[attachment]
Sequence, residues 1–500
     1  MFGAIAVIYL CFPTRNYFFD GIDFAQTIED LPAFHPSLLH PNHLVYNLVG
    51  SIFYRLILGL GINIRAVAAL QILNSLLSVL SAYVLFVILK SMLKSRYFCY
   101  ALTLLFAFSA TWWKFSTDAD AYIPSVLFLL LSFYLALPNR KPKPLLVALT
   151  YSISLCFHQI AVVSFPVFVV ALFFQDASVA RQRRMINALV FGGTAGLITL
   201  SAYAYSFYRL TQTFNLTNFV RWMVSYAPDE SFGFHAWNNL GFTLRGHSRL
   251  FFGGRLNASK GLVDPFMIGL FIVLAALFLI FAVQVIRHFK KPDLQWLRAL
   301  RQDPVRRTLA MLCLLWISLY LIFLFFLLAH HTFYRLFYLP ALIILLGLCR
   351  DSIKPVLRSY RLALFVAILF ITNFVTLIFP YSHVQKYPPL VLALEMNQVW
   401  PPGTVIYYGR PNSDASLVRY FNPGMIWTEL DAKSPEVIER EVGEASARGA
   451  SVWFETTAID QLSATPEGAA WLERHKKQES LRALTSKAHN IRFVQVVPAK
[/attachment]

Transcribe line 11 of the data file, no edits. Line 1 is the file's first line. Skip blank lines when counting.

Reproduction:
   451  SVWFETTAID QLSATPEGAA WLERHKKQES LRALTSKAHN IRFVQVVPAK